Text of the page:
The peer who exposed Philip Green as being at the centre of sexual harassment allegations works for the law firm used by a newspaper in its court battle against the businessman, it has emerged.
Lord Hain named the Topshop chairman on Thursday as the “leading businessman” who obtained a privacy injunction to prevent the media publishing allegations by former employees. Sir Philip “categorically and wholly” denies the allegations.
The Labour peer defended his decision to use parliamentary privilege to break the Court of Appeal injunction, telling the Lords he believed it was his “duty” to do so.
But is has since been revealed Lord Hain is a “remunerated” adviser to Gordon Dadds, the law firm that represented The Daily Telegraph in its injunction case against Sir Philip.
The revelation will add to the constitutional row developing over Lord Hain’s decision to ignore the court order. Some lawyers accused the former cabinet minister of pre-empting an ongoing legal case.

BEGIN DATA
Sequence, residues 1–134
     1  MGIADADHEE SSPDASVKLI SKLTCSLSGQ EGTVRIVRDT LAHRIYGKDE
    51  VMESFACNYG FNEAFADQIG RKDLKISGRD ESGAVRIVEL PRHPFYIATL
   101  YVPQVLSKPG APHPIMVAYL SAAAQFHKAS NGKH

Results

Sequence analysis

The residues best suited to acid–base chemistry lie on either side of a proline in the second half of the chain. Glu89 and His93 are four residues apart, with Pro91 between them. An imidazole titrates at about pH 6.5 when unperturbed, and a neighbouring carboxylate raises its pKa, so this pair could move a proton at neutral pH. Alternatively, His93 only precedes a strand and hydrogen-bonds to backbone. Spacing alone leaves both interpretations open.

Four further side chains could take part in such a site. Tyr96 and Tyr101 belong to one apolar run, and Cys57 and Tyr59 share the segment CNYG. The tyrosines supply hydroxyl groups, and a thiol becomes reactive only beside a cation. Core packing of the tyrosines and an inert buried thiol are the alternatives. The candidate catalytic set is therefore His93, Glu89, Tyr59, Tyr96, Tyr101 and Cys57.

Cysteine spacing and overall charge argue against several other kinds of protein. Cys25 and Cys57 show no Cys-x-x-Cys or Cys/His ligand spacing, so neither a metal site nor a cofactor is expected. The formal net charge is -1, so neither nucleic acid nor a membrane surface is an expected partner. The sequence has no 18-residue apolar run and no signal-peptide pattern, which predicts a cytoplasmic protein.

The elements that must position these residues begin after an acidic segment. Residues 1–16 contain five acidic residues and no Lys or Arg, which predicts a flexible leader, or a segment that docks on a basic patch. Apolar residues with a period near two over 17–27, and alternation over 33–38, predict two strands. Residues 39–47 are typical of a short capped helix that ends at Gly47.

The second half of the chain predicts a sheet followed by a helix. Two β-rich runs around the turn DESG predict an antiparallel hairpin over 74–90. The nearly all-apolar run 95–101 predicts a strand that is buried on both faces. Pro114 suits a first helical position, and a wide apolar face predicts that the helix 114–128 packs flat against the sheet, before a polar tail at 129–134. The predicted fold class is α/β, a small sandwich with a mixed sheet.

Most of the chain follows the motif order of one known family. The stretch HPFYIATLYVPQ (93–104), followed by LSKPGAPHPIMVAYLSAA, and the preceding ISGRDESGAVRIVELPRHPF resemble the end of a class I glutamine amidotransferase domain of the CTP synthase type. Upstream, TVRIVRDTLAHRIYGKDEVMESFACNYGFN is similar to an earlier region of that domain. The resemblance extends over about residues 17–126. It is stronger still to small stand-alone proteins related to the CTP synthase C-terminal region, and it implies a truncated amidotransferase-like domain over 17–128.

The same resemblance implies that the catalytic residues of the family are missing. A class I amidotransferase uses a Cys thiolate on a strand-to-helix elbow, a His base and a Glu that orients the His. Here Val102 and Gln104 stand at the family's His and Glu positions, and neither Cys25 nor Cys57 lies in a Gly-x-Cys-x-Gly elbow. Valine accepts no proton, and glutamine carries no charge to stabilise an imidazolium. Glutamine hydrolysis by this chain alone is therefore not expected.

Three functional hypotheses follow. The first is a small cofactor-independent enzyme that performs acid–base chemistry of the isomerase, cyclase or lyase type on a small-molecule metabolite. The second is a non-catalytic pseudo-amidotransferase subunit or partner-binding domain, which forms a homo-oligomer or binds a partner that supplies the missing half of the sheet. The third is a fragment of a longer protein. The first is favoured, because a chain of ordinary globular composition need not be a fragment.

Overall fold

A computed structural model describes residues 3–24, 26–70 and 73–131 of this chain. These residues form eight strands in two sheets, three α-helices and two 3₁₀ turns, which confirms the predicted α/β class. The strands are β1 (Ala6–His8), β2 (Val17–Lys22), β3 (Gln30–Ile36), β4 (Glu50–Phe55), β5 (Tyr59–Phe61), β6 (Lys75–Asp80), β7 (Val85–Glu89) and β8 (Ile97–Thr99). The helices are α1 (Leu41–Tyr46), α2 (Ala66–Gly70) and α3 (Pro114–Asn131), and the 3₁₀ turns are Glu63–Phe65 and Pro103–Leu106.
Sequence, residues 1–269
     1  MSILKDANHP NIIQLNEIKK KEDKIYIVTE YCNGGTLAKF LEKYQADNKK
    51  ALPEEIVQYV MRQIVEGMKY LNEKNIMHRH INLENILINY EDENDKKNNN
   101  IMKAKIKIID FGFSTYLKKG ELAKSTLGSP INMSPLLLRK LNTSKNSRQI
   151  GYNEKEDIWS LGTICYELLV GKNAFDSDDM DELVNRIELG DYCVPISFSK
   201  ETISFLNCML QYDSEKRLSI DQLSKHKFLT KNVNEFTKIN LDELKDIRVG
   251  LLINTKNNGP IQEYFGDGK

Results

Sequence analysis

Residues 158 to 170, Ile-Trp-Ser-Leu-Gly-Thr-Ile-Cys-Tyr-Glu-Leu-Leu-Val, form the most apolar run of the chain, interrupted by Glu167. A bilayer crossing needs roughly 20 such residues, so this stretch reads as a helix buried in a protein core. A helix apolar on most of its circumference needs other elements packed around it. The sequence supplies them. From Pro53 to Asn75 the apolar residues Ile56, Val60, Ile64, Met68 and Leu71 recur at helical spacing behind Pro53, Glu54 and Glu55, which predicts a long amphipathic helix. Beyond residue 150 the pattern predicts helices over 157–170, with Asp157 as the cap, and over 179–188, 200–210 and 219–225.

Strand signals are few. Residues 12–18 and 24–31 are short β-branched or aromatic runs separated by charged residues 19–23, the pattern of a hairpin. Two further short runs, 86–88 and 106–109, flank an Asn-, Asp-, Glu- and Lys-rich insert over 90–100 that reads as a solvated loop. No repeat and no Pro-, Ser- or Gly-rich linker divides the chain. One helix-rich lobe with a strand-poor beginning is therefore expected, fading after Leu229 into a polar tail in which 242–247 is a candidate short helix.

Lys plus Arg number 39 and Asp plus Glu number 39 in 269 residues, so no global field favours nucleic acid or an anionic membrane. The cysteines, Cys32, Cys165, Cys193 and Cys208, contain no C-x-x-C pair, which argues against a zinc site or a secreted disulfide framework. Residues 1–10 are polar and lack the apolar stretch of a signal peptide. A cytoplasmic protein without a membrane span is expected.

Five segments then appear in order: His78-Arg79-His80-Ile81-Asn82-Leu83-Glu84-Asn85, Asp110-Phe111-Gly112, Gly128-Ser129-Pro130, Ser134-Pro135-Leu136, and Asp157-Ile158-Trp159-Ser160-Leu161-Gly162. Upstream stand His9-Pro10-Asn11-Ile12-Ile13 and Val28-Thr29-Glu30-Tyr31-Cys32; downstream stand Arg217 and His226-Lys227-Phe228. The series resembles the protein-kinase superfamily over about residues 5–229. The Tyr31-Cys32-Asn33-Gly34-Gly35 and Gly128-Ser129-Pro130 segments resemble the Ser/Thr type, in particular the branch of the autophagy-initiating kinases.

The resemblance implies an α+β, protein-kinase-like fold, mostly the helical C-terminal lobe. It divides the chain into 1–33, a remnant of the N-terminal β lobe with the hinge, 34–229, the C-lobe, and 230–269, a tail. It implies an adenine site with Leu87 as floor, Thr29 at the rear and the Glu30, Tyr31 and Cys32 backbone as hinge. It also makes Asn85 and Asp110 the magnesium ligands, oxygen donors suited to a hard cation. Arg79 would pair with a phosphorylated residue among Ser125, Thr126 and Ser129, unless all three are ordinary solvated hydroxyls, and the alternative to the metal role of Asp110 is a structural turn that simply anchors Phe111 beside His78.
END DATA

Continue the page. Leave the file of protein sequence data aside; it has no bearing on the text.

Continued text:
On Gordon Dadds’ website, Lord Hain’s profile page reads: “I was appointed by Gordon Dadds in June 2016 to act as the firm’s global and government adviser.
“As well as advising on governmental matters, I also play an active role in expanding Gordon Dadds’ international connections, with a particular focus on Africa and the Middle East.”
In a statement, Lord Hain said he named Sir Philip in a “personal capacity” and that he was “completely unaware” Gordon Dadds were advising the newspaper.
In a separate statement, Gordon Dadds told Legal Cheek, the website which revealed the possible conflict of interest: “Peter Hain is a self-employed consultant who provides occasional advice to the firm relating principally to African affairs.
“Any suggestion that Gordon Dadds LLP has in any way acted improperly is entirely false.”
Sir Philip is facing fresh calls for his knighthood to be withdrawn, echoing similar demands that followed the collapse of chain store BHS, which he previously owned.
Independent MP Frank Field, who chairs the Commons Work and Pensions Committee and was highly critical of Sir Philip during the BHS scandal, said: “The charge sheet against the knighthood is growing.
“Parliament and the country have made their views clear on this matter. Ultimately it’s a decision for the Honours Forfeiture Committee.”
Responding to the allegations against him, Sir Philip said in a statement: “I am not commenting on anything that has happened in court or was said in parliament today.
“To the extent that it is suggested that I have been guilty of unlawful sexual or racist behaviour, I categorically and wholly deny these allegations.”